Drink up, pup!

Since most of us are in the habit of just filling the water bowl and plopping it on the ground until it’s empty and we fill it again, how can you be sure that your pet is getting enough water?

  • Measure the amount of water that you pour into your pet’s bowl. This is easy enough, and can help you monitor intake. Remember that canned food is about 70 to 80 percent water, so pets that eat canned food may drink less than those on a dry diet.
  • Ensure that fresh water is available at all times, and that the water bowl is large enough, not tippable and cleaned regularly.
  • Cats may prefer a water fountain of continuously circulating water if they tend to enjoy drinking from the sink.
  • If your pet frequently moves throughout the house, place water sources on each floor of the home where they most often spend their time.
  • A portable water bowl should be taken on walks, or brought outside during longer play periods.
  • Ice cubes can be added to the dog’s water bowl or given as a treat. Oral electrolyte solutions or broths are available for finicky drinkers, and edible liquids can also be frozen into Kong toys for added fun and a yummy treat!

To each their own, right?

Remember that pets with illnesses such as diabetes or kidney diseases may have increased thirst compared to their healthy counterparts, but if your pet hasn’t been diagnosed with one of these things and they are constantly at the water bowl, a visit to the veterinarian is in order.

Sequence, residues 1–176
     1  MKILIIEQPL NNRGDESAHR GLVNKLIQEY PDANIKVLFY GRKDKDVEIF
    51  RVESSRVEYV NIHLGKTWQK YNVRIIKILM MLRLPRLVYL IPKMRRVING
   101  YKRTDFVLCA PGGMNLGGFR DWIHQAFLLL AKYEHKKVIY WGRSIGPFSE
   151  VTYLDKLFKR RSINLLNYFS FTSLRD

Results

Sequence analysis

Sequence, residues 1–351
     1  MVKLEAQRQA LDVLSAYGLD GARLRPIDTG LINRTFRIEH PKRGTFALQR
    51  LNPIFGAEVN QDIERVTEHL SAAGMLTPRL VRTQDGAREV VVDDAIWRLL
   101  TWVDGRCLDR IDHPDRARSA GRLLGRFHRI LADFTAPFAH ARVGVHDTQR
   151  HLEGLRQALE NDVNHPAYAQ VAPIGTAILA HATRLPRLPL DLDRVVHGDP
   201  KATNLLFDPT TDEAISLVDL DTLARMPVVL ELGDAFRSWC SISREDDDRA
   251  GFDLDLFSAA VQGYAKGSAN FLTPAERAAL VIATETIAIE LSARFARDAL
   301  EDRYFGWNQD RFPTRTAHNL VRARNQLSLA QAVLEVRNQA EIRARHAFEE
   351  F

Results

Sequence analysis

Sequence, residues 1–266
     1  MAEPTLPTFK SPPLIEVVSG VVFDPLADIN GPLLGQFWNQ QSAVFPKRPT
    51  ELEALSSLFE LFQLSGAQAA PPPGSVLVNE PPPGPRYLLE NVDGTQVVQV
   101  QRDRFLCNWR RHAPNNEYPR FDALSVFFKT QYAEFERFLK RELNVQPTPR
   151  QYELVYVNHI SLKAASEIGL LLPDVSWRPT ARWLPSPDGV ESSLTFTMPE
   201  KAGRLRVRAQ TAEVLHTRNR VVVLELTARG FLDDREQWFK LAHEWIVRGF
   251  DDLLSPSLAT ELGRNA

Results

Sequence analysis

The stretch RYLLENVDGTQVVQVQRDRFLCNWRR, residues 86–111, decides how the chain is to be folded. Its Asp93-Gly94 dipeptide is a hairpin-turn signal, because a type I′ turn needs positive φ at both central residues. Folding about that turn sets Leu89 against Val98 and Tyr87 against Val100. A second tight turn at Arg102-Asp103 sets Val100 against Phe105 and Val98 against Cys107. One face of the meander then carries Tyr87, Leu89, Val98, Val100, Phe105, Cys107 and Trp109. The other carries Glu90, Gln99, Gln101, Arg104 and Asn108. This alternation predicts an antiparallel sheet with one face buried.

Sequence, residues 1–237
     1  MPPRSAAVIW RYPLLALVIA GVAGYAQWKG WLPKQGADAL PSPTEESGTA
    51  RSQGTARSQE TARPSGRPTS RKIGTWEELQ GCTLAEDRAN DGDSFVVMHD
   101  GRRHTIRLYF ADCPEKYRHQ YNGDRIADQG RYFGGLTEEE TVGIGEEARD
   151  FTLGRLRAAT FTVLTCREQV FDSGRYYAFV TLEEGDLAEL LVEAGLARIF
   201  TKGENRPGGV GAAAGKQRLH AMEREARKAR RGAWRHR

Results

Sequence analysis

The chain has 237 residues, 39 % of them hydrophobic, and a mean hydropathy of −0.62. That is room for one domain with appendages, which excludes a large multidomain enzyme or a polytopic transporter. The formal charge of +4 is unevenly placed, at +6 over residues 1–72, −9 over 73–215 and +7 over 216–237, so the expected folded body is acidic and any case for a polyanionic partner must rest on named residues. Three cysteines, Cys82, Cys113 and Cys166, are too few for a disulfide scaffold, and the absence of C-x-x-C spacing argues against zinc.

How do you know if your pet is dehydrated?

Telltale signs of dehydration include sticky gums, sunken eyes or decreased activity. Check your pet’s “skin tent” for a quick assessment of hydration by gently lifting up on the skin between your animal’s shoulder blades, then watching how quickly it falls back into place. Normally, the skin should fall right back into place, but in a dehydrated animal, there is a delay because the skin is less elastic. Pets who are chronically dehydrated may have a dry, flaky hair coat that lacks luster.

Ensuring that pets are well-hydrated is important not just during Pet Hydration month, but throughout their entire lives!

---

Dr. Budinich is a veterinarian at PAWS, which offers low-cost spay/neuter and basic veterinary care to pet owners and rescue organizations that cannot otherwise access or afford care. PAWS’ clinics enable struggling pet owners to keep their pets as part of their families, rather than surrendering them to shelters. Reducing the number of animals that face homelessness is part of PAWS’ overall mission to make Philadelphia a no-kill city where every healthy and treatable pet is guaranteed a home. For more information or to adopt, foster, donate, or volunteer, please visit www.phillypaws.org.

 

Share This Post: